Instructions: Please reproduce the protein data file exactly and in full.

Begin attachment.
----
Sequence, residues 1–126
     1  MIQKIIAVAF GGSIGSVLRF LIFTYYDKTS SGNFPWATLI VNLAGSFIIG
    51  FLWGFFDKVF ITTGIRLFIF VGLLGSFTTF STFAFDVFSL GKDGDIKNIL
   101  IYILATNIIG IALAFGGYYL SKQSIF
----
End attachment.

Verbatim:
Sequence, residues 1–126
     1  MIQKIIAVAF GGSIGSVLRF LIFTYYDKTS SGNFPWATLI VNLAGSFIIG
    51  FLWGFFDKVF ITTGIRLFIF VGLLGSFTTF STFAFDVFSL GKDGDIKNIL
   101  IYILATNIIG IALAFGGYYL SKQSIF